On the Method of Arithmetization and its Applications
A central topic in both logic and philosophy are paradoxes such as the Liar, Russell's paradox, and the sorites.
A major goal of Dr Walter Dean's Fellowship is to determine if such puzzles can be resolved uniformly by an analogy to mathematical undecidability results in which it is shown that a statement is neither provable nor refutable from given axioms - e.g. the independence of the Parallel Postulate from the axioms of Euclidean geometry or the Continuum Hypothesis from the axioms of Zermelo-Fraenkel set theory.
Dr Dean will locate this question relative to developments in the foundations of mathematics which subsume Hilbert's program during the 1900s-1930s -- i.e. that of axiomatizing infinitary mathematics so that it can be proven to be consistent using finitary methods alone -- and as well as subsequent results in mathematical logic which it inspired.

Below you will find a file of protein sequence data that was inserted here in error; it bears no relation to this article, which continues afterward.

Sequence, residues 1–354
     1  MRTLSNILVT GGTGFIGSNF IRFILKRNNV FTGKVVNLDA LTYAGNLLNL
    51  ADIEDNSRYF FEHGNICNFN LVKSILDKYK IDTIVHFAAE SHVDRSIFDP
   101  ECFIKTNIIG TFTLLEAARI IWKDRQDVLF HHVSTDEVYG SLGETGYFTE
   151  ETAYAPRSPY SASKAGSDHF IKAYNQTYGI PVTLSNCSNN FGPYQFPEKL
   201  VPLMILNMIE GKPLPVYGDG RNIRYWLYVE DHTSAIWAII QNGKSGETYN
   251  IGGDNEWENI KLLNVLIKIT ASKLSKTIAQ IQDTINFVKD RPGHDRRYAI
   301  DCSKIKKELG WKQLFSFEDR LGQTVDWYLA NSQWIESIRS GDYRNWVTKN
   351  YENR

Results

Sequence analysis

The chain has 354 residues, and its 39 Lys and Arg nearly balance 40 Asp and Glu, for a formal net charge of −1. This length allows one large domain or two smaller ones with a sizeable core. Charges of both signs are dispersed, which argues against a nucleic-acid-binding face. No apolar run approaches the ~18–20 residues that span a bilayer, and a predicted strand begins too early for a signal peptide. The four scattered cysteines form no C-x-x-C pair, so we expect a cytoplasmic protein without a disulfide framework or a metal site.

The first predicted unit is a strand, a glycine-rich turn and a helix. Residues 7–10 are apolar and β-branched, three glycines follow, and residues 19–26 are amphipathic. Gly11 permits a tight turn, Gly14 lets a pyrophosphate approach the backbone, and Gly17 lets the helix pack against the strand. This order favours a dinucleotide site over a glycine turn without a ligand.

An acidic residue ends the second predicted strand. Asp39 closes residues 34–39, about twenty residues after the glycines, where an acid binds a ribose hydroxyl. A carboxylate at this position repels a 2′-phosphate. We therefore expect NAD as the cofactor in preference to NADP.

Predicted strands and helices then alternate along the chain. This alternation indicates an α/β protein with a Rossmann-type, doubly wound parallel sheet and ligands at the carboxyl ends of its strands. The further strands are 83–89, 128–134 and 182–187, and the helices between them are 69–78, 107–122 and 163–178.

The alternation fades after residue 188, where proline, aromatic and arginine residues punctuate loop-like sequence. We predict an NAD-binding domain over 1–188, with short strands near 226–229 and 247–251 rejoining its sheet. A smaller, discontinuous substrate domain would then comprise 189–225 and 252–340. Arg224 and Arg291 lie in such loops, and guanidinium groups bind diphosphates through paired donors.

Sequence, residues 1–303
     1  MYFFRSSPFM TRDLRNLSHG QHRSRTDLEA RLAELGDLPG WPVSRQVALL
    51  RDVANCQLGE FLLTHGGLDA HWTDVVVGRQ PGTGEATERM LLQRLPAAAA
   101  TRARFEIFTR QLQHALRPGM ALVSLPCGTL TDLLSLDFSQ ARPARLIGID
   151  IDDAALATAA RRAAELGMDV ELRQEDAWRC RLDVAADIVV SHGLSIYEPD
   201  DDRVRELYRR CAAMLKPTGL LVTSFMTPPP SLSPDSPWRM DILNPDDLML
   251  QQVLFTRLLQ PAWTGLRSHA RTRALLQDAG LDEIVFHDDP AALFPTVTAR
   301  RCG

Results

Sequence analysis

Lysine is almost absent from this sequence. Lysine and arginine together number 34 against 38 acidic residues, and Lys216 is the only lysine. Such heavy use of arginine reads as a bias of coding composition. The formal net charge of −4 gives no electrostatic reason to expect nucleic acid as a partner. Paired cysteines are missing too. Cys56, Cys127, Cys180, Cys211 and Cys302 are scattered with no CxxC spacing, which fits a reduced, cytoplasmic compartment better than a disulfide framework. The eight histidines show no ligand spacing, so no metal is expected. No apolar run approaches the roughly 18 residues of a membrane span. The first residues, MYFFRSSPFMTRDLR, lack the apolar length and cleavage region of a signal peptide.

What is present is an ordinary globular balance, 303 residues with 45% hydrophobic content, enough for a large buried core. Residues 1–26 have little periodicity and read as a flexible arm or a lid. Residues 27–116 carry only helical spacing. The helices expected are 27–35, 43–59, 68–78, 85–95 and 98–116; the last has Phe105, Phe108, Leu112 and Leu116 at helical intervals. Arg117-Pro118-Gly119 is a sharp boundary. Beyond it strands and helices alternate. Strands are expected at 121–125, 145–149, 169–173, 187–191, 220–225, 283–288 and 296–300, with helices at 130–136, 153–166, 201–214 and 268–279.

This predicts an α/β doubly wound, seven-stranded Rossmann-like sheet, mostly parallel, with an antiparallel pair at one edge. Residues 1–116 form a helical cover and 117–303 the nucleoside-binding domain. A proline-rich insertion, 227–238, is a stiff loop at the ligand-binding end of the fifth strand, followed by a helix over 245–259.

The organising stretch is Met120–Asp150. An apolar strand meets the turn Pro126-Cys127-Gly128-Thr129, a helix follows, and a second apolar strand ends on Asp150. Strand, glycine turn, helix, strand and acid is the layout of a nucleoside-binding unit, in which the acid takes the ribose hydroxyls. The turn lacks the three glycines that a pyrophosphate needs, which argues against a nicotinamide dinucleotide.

He will focus on applications of a technique known as the method of arithmetization which grew out of Hilbert's Foundations of Geometry and is embodied in Bernays's formalization of Gödel's Completeness Theorem in first-order arithmetic. Additional questions he will investigate include the following: how does the metamathematical investigation of the Completeness Theorem bear on the question of whether consistency implies existence? How do results about interpretability bear on the relationship between formal independence in arithmetic, geometry, and set theory? Are there absolutely undecidable number theoretic statements?